Abolish The Dole For Real Jobs Rebuilding Christchurch

- John Minto

The first weeks after the Christchurch earthquake inevitably focused on rescuing survivors then recovering bodies. The focus is now on the extent of the rebuild and how it is to be undertaken and paid for. The news that the best current Earthquake Commission estimate says 10,000 Christchurch houses will have to be demolished is a sobering assessment of the catastrophe which has hit our second largest city. Alongside homes is extensive work rebuilding the key infrastructure of roading, bridges, electrical networks, water, and wastewater services. The cost may be around $15 billion with the Government directly contributing at least $5 billion in the short term.

The scale of the task is daunting but in the small world of political ideas there is nothing that grasps the enormity of the job or a vision to get it done in a way which seizes the long term opportunities the country can gain along the way. Instead we have the usual pathetic squabbling as National and Labour dance around each other taunting and bickering. They try to convince us they are as different as black and white but they are both the same shade of shabby grey. Their plans involve handing vast sums to the private sector to contract and subcontract work as each layer clips the ticket down to the poorly paid skilled and semi-skilled workers who will do the actual work. Meanwhile we have had the spectacle of a visit by Prince William, for the March memorial service with the associated media circus (I was pleased at least one Christchurch resident was unimpressed. She said on TV he shouldn’t bother coming unless he brings a shovel and does some real work. Needless to say he didn’t do any shovelling).

A Public Infrastructure Project

So, how should the rebuilding of this city be organised and funded? How can we ensure we get the best from the huge State investment needed? Luckily New Zealand history has the answer. Past generations tackled major infrastructure tasks such as roads, bridges, dams, sewage treatment plants etc as publicly organised, publicly funded and publicly built with enormous spin-off benefits to the community along the way. People my age will remember the Ministry of Works which was tasked with the biggest public projects the country has seen and which has a proud legacy. Whenever you flick a switch, drive most intercity roads and flush the toilet you should thank the likes of the MOW which made it possible.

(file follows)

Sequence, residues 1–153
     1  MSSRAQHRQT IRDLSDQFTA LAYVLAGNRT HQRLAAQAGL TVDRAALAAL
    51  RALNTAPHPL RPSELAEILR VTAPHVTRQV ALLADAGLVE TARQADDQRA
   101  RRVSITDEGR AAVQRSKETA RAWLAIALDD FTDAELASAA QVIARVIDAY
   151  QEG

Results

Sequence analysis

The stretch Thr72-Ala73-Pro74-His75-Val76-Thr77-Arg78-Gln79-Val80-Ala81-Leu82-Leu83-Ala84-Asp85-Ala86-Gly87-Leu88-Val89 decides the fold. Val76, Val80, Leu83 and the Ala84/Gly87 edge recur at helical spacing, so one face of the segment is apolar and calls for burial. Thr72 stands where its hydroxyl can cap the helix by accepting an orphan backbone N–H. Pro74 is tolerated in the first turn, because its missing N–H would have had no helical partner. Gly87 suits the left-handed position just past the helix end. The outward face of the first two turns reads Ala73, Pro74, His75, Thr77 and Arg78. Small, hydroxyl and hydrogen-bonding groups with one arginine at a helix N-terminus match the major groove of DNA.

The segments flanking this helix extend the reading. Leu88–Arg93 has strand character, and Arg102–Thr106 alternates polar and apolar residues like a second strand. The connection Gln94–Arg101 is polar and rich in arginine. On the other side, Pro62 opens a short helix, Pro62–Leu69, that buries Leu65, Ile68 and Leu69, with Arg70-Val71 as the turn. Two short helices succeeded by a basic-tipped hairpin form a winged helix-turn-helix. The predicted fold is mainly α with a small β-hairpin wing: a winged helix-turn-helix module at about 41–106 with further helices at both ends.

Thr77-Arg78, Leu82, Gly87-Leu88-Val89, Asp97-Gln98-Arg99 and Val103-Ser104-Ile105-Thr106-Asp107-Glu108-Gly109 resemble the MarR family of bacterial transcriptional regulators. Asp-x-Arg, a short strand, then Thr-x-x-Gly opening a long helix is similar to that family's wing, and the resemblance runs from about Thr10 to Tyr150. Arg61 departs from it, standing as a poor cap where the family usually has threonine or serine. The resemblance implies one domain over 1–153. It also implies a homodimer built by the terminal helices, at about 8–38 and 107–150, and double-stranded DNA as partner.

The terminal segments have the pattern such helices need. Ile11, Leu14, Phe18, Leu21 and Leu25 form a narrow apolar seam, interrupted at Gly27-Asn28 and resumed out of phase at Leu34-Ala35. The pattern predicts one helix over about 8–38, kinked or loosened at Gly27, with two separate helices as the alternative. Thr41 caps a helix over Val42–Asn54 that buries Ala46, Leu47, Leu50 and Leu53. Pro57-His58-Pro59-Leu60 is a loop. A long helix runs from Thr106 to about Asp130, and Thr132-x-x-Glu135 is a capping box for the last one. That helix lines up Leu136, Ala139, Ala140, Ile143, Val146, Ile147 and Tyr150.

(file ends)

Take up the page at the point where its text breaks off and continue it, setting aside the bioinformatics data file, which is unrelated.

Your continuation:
So what advantages would rebuilding Christchurch have as a public infrastructure project? Here are a couple. Firstly we could abolish the dole and use that money to employ everyone in a real job doing real work for real pay. Yes upskilling and retraining would be necessary for many but our public polytechs in Christchurch could easily extend such things as apprenticeship training alongside the real work done. This is the way New Zealand used to develop a skilled workforce. Much maligned (by business and politicians) public bodies such as New Zealand Railways developed generations of electricians, fitters and turners, welders, plumbers, painters and builders etc The slashing of apprenticeships by National in the 1990s left a void we have yet to fill.

In National’s brave new world training was to be done by employers on the job and paid for by businesses through Industry Training Organisations. It never happened. The promised industry funding never materialised. Taxpayers fund this training now as we have always done. So let’s get our money’s worth and do the job properly for the benefit of New Zealand rather than the narrow benefits of private sector employers. Once the Christchurch rebuild is over we will have an extensive pool of trained and skilled workers who can take their newly acquired skills around the country.

No More Scrapheap

Secondly a public rebuild would also drop poverty rates significantly in Christchurch and end the social alienation that goes with it. Remember that the dole is essentially what our ruling elites are prepared to pay to prevent the Government providing jobs for everyone. The private sector likes having a scrapheap for those they don’t need because it helps keep downward pressure on wages. Forget that. People matter more than corporate profitability and Christchurch could become the first no-dole, all-working city in the country. There’s no reason why solo parents could not be part of this public initiative. Decent childcare provision alongside the rebuild would release further funding for real jobs and real skill development. Is that the heart palpitations of ACT Party members I can hear? Yes we need a PIRC - Public Infrastructure Rebuild Committee – established and funded to get underway the biggest job this country has ever faced. There is much to be done. Let’s make a start.

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Foreign Control Watchdog, P O Box 2258, Christchurch, New Zealand/Aotearoa. August 2008.

Email cafca@chch.planet.org.nz

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